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Uncommon Courage: The Yachtsmen Volunteers of World War II

10 Mar 23

The author, Julia Jones, is a writer, editor and classic yacht owner. She is Literary Contributor for Yachting Monthly magazine. Her father served in the Royal Naval Volunteer Supplementary Reserve (RNVSR) and it was this that inspired her book.

The story behind the RNVSR is not generally well known especially since its members were subsequently subsumed into the RNVR as the war progressed. So what was the RNVSR? The Admiralty Board made a decision in the years prior to the outbreak of World War II that a new Reserve would be formed and consist of “Gentlemen interested in yachting and similar pursuits, desirous of being earmarked for training as executive officers in the event of war”. They would have no rank, no pay and no training. The book comments that only the British national psyche could come up with such a scheme that was a classic example of muddling through. Needless to say, pay and uniform were quickly introduced as hostilities commenced.

As WWII loomed, almost 2,000 amateur sailors signed up to the RNVSR with very little idea of what would be expected of them and for how long they would serve, but knowing they were putting their lives at risk. Some of these individuals were famous (such as Peter Scott and Nevil Shute) and some were very wealthy in their own right. August Courtauld returned his pay to help the war effort, but the majority were “ordinary” people who wanted to do their bit for the RN.

Whilst some had had extensive sailing experience, others had very little. Few could have envisaged the roles that they were called upon to perform that were way outside their previous civilian lives. They found themselves commanding destroyers, submarines (Cdr E P Young RNVSR was the first Reserve officer to qualify from Perisher). Some of these people undertook dangerous duties such as minesweeping, bomb disposal and Coastal Forces. They played a key role with Cdr Ian Fleming’s (aka James Bond) commandos.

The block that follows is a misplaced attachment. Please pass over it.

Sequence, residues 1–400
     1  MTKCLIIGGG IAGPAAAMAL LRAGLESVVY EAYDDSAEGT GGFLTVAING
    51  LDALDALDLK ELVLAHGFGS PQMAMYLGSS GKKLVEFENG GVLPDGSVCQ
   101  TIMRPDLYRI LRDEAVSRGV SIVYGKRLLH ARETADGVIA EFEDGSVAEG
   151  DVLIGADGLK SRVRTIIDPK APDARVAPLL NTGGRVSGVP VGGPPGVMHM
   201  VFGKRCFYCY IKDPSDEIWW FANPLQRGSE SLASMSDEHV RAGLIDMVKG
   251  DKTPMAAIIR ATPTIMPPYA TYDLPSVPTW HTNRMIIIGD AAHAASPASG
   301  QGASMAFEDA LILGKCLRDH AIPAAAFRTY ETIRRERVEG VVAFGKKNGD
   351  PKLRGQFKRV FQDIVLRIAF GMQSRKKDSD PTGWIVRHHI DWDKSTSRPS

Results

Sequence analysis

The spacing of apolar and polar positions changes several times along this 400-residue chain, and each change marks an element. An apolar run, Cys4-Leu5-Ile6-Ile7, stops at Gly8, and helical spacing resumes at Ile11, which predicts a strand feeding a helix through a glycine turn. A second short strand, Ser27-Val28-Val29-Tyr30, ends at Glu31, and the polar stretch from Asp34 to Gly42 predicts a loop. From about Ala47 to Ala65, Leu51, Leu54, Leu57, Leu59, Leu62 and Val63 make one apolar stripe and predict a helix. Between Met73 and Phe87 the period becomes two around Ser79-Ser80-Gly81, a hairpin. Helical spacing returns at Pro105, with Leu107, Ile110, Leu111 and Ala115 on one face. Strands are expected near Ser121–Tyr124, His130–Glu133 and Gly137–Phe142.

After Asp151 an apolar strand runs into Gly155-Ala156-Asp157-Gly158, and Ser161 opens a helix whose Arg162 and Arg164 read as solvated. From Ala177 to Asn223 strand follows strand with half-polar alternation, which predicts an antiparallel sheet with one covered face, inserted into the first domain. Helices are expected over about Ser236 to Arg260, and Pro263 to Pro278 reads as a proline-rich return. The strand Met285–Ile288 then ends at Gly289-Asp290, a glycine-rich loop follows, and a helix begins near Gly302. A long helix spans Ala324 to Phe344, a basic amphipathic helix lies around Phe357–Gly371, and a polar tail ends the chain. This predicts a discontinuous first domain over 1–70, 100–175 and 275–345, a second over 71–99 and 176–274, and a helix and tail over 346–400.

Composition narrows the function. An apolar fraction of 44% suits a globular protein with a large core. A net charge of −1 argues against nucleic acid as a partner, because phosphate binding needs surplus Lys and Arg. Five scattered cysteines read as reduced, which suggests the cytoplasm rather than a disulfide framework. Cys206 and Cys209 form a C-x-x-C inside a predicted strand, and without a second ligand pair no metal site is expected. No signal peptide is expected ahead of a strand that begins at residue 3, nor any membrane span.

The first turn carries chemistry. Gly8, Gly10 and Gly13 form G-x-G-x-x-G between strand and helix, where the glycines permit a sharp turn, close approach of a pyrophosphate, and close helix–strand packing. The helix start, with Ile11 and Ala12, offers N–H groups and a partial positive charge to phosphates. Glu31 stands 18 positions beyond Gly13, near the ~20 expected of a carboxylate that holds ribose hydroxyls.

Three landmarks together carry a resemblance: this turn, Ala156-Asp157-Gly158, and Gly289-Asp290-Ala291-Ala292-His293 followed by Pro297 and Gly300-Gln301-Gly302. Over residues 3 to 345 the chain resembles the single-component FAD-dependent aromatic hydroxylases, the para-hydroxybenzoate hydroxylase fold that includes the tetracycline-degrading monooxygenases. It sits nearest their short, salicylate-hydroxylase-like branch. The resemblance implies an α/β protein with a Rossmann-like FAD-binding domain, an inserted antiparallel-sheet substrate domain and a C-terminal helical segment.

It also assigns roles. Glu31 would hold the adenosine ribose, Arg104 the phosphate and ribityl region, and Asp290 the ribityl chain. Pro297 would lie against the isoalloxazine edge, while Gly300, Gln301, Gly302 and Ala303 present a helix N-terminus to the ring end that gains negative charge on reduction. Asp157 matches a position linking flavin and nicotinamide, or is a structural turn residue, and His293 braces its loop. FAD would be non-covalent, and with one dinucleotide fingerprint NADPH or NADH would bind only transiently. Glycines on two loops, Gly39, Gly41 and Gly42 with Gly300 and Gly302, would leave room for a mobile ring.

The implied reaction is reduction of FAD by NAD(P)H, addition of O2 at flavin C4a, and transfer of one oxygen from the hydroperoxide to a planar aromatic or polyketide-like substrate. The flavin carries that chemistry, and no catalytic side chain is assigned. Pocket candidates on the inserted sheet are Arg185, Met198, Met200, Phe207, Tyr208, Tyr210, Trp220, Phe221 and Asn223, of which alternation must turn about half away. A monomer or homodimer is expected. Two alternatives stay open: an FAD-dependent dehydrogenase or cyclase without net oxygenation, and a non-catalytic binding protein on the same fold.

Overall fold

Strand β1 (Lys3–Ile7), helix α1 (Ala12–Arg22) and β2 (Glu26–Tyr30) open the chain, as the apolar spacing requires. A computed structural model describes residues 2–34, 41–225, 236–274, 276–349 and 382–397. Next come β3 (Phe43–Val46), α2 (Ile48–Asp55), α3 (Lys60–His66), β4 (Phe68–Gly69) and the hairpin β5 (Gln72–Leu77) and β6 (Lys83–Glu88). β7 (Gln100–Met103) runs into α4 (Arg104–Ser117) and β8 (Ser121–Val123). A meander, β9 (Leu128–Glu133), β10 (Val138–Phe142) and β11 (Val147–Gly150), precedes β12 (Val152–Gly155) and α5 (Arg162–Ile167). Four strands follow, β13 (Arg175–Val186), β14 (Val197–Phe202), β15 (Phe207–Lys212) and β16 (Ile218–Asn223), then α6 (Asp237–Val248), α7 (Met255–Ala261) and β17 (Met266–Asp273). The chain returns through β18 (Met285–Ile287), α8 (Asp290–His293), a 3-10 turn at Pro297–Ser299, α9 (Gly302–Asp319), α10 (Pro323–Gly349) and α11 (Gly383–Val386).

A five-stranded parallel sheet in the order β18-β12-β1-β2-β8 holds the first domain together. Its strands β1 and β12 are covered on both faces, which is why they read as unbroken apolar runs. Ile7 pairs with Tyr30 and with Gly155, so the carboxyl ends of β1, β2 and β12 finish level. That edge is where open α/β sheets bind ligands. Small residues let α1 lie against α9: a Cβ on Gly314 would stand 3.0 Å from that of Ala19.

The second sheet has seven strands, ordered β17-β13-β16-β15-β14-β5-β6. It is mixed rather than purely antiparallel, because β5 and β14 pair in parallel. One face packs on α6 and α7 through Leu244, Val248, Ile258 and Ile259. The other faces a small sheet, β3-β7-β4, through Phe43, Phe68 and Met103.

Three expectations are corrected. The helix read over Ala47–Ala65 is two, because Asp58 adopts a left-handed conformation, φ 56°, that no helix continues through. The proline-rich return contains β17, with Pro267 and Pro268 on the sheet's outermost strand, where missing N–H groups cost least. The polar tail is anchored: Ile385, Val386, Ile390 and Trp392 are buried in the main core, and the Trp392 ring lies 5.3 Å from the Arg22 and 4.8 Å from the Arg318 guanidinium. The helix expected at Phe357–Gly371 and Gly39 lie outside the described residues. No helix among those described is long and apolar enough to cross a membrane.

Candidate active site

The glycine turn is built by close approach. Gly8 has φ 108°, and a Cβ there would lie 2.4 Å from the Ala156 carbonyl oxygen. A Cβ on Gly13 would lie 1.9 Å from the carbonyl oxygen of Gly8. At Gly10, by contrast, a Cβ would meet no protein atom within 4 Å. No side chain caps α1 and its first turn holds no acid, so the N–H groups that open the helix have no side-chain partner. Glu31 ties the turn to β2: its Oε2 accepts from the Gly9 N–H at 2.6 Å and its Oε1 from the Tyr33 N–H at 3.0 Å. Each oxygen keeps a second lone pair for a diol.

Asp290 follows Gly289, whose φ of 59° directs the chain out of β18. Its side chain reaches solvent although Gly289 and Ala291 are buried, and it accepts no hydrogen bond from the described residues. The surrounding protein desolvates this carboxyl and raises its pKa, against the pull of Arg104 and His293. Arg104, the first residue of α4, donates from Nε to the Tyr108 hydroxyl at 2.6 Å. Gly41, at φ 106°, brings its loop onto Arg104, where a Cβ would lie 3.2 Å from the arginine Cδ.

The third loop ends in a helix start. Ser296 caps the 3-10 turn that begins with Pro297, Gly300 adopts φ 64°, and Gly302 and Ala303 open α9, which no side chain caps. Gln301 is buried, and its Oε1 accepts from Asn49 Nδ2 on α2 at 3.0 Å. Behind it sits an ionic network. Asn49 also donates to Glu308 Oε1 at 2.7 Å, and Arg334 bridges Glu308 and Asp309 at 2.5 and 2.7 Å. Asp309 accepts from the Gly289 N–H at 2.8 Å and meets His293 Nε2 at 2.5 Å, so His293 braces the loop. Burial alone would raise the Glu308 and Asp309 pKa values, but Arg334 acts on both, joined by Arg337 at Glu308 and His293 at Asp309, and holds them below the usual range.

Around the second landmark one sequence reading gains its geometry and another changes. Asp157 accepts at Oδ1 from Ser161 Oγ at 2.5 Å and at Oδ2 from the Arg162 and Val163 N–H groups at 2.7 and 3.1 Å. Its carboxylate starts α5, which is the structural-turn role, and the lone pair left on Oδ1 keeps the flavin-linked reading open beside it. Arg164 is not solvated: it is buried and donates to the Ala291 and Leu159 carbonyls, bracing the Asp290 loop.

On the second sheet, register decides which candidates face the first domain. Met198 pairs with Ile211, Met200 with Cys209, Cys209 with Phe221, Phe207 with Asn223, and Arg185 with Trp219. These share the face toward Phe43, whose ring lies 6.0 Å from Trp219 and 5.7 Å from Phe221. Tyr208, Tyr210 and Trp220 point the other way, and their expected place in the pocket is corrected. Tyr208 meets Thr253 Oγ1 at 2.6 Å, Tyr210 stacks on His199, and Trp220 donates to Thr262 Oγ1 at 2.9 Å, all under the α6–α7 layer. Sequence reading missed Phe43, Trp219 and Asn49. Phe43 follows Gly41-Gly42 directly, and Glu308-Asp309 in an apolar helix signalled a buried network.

The book largely consists of anecdotes from various individuals about their experiences during the war and this makes for a pleasant and informative read. There is some background information about significant events in the war and this is used to put the experiences of individuals into context. The final chapter is a thoughtful one as it describes the experiences of many Reservists as they returned to civilian life after nearly six years of war The post war activities of four George Cross winners (awarded for bomb disposal work) are highlighted – one went back to being a solicitor, one became a county councillor, whilst another worked in Ethiopia and Kenya establishing a university. Sadly, one individual committed suicide in 1977. The reader is left to ponder on a likely connection between the unimaginable strain of his wartime service and his ability to reintegrate into civilian life.


Postscript: From my own experience I had a conversation some years ago with a Reservist Officer who served in Coastal Forces. At the age of 23 he commanded an MGB undertaking nightly forays into the North Sea at 40 knots against a determined enemy. He told me it was the most terrifying and at the same time exhilarating experience of his life which he would always remember. After the war he returned to his job as bank manager and he commented wryly that discussing overdrafts on a daily basis did not have quite the same frisson!